The All China Federation of Trade Unions (ACFTU) seems about as certain of its message as Joe Lieberman on the campaign trail.
One day it puts itself forward as a business-friendly alternative to foreign labor movements. For example, a particularly galling China Daily piece featured an ACFTU official in a Korean-owned factory in China disparaging the "too-powerful union" in Korea that was responsible for driving his employer to China and landing him his job.
Another day, the ACFTU flexes its muscle for the world media by pushing Wal-Mart to accept union organizing in its Chinese stores (in its stores, mind you, not its factories but STILL a victory, I believe, for the push to unionize Wal-Mart worldwide).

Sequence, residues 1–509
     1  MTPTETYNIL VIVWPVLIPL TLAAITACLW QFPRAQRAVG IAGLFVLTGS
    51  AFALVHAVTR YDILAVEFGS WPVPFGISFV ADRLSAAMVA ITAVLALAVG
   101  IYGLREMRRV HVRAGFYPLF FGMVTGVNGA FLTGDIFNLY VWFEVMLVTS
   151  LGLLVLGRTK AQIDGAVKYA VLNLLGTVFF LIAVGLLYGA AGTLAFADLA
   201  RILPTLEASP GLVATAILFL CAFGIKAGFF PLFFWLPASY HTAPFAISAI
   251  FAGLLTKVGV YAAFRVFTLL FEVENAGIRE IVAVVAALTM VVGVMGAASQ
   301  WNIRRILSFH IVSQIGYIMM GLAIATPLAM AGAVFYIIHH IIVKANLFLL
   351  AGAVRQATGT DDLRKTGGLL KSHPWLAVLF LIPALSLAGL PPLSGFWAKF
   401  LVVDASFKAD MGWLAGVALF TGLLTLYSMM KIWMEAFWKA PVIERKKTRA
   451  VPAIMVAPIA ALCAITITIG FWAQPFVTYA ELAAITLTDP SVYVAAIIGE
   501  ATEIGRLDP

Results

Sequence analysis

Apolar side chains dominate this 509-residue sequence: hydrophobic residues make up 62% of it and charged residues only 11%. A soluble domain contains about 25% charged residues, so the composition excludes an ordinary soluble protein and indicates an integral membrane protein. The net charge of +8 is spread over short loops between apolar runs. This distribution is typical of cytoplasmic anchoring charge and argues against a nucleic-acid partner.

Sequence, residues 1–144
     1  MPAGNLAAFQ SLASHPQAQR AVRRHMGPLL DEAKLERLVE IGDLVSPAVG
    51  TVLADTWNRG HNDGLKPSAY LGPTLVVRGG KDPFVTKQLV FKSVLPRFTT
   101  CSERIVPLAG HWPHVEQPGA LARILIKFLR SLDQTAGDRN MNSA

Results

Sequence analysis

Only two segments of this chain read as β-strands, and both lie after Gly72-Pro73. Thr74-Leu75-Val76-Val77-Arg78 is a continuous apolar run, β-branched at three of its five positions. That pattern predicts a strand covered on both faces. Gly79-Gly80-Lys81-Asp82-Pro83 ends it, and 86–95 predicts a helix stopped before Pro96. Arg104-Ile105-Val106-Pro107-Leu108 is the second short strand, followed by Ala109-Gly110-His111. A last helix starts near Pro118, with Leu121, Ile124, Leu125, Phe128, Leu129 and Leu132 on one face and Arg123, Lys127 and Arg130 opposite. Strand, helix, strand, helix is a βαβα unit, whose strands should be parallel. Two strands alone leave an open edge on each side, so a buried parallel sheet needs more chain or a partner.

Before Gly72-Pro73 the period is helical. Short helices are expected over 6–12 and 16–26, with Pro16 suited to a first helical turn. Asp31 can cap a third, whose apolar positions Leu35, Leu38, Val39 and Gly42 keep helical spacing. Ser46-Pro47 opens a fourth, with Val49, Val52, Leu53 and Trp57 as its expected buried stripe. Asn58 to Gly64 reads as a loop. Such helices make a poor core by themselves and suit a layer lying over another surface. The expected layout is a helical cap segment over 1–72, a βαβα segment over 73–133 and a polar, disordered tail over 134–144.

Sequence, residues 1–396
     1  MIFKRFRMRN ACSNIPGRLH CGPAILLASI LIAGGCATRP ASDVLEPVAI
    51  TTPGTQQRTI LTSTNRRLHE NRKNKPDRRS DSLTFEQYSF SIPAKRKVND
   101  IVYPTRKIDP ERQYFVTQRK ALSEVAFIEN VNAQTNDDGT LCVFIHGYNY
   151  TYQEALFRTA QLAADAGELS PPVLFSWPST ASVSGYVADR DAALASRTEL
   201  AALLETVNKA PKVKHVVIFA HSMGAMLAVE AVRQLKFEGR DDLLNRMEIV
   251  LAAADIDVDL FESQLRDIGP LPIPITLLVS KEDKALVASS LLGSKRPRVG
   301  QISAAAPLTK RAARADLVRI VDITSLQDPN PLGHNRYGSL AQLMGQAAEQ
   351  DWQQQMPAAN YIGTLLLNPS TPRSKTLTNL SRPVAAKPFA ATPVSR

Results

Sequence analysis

The union is experimenting with collective bargaining, though the contracts it has signed have so far mainly merely re-stated the legal obligations of management and labor--no wages or hours or anything concrete. And it is opening law aid clinics for workers.
Workers Daily, the ACFTU's paper, contains some good reporting and solid advice columns for migrant workers.
And now, as David Wolf has noted, the ACFTU is in the strange position of being used as a punishment by the government for wayward corporations. In Wolf's words, "Be good to your people, or we'll unionize you" (see his post Not Norma Rae). For example, the government has forced Foxconn, the lying, reporter-intimidating, iPod manufacturing, sweatshop behemoth, to establish an ACFTU branch because of its numerous errors.
But what will it mean to establish these branches? What will they really do? As a punishment, the opening of an ACFTU branch probably mostly just means added bureaucracy for company managers, more Communist Party interference, more people to pay, etc.
Apparently, Hu Jintao is behind this push (see the China Labour Bulletin article). Where he ultimately wants to take this is an open question.